NEW YORK CITY – Election night in America is one of the biggest television events of the year, but you wouldn’t know it on Division Street in Williamsburg, Brooklyn, where the radio sputtered out ballot returns in every other Orthodox household.

Few of the Orthodox residents there stayed awake to hear the twilight speech of reelected President Barack Obama, and most Orthodox Jews in this community stayed away from the voting booths. Despite that, in Kings County, where one in four residents is Jewish, Obama won a stunning 81% of the vote.

“Most of the people here don’t like Obama,” says Wolf Weiss, a rare supporter of the president in his community.

“But people here know their vote just doesn’t matter.”

And in a neighborhood completely bare of campaign signs, Sam Lipschitz lamented having to take down his Romney-Ryan fanfare earlier in the morning after.

Lipschitz, 25, became active in politics for the first time in his life for this election cycle: afraid of Obama’s position on Egypt after the revolution, he founded the “Orthodox Jews for Mitt Romney 2012” group on Facebook, which had 300 members at its peak. The group’s membership has since dropped to 92.

Reacting to strong Jewish voter turnout for the president nationwide, Lipschitz was dismissive.

“It means that 70% of Jews here don’t care about Israel,” he says. “And this is why I’ve finally become active.”

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In Korn’s Bakery, the daily morning rush churned as usual, with little chatter over the poll results its customers insist was pre-ordained. The news driving the day was still the local trauma: Superstorm Sandy’s devastation of Jewish communities across the city.

“I didn’t vote because I didn’t have time,” says Abraham Waldman, owner of Korn’s Bakery. “I was cleaning my house after a seven foot wave destroyed everything.”

Waldman says the collection of garbage he has accrued - from furniture to precious photos - couldn’t fit into his entire bakery, floor to ceiling.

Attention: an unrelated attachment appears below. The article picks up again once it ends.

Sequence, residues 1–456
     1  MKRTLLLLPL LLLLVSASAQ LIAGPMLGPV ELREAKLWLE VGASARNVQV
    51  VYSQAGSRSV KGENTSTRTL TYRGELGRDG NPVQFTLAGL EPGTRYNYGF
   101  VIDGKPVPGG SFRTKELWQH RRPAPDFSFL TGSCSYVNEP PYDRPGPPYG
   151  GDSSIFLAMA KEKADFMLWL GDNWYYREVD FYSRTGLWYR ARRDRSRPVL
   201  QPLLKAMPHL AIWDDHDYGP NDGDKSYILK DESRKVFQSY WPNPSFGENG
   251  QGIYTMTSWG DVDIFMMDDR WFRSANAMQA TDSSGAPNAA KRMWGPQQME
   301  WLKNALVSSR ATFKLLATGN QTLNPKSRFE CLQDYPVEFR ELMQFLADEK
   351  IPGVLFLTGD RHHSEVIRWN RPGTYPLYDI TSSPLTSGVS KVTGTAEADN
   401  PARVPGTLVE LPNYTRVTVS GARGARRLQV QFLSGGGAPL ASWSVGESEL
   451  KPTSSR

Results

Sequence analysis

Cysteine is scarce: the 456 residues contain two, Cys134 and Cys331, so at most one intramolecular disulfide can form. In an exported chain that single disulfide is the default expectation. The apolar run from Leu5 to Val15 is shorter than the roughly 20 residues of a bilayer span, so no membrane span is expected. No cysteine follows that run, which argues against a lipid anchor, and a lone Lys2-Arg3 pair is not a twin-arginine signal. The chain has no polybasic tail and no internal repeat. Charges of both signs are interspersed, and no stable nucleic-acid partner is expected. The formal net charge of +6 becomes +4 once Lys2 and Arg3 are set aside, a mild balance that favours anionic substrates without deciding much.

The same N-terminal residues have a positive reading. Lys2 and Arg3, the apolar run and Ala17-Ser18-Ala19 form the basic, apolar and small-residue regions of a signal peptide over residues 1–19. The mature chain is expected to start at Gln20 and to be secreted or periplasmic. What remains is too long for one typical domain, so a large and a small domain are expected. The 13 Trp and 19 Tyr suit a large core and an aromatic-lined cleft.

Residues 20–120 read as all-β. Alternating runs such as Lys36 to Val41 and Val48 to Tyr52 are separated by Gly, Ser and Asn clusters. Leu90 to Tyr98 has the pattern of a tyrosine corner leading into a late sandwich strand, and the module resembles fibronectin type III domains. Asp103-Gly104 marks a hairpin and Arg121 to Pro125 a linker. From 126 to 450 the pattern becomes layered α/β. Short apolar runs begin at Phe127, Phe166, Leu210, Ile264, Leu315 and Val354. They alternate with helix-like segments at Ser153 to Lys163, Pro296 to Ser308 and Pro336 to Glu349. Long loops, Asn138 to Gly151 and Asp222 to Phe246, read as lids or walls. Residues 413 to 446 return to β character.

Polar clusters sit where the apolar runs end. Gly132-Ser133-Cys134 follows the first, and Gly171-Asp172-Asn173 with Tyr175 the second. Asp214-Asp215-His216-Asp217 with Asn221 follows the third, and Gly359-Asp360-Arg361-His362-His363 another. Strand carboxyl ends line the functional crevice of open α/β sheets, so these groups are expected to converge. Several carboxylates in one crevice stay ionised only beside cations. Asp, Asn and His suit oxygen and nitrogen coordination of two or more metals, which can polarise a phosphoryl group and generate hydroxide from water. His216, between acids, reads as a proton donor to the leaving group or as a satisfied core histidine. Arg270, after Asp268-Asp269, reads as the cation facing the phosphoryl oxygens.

“All I want is gas,” one of his customers exclaimed.

And yet despite the devastation, and the dropping temperatures plaguing thousands of displaced New Yorkers, voter turnout here was resilient yesterday, with over half of registered voters in the city turning out to cast ballots.

So perhaps their reasons for declining their right to vote were more political than tropical.

“I’m quite concerned that the folks on Division Street are disillusioned, because the system we have isn’t broken— they’re just unhappy with the results,” says Rick Anderson, a Brooklyn resident for over two decades.

“I think Jews here who voted for Obama are obviously able to look at the bigger picture,” he said.

For Anderson, that bigger picture refers less to Israel than to the American economy.

And yet the residents pacing up and down Division Street don’t disagree. Ironically, after months of both campaigns’ attempts to target small business owners across the country, they just don’t believe the president – whoever he may be – has much to do with their successes or failures.

“The same people are going to come in here every day and buy my danishes,” says Waldman.

“We all vote on the local level. But to us, the president is far removed.”

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